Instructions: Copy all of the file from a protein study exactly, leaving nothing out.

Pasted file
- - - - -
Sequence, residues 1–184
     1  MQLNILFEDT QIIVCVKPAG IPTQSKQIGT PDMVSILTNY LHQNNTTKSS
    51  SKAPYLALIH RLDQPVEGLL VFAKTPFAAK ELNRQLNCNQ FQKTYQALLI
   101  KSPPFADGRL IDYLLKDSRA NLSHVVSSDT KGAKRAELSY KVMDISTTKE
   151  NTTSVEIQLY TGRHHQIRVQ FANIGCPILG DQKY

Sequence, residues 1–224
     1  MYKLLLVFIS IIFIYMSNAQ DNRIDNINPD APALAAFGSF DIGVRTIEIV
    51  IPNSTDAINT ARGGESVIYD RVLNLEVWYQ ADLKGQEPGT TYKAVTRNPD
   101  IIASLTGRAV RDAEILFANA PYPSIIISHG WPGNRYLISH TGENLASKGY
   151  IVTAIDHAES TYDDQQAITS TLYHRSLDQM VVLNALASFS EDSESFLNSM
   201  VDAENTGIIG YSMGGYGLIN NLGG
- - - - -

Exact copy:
Sequence, residues 1–184
     1  MQLNILFEDT QIIVCVKPAG IPTQSKQIGT PDMVSILTNY LHQNNTTKSS
    51  SKAPYLALIH RLDQPVEGLL VFAKTPFAAK ELNRQLNCNQ FQKTYQALLI
   101  KSPPFADGRL IDYLLKDSRA NLSHVVSSDT KGAKRAELSY KVMDISTTKE
   151  NTTSVEIQLY TGRHHQIRVQ FANIGCPILG DQKY

Sequence, residues 1–224
     1  MYKLLLVFIS IIFIYMSNAQ DNRIDNINPD APALAAFGSF DIGVRTIEIV
    51  IPNSTDAINT ARGGESVIYD RVLNLEVWYQ ADLKGQEPGT TYKAVTRNPD
   101  IIASLTGRAV RDAEILFANA PYPSIIISHG WPGNRYLISH TGENLASKGY
   151  IVTAIDHAES TYDDQQAITS TLYHRSLDQM VVLNALASFS EDSESFLNSM
   201  VDAENTGIIG YSMGGYGLIN NLGG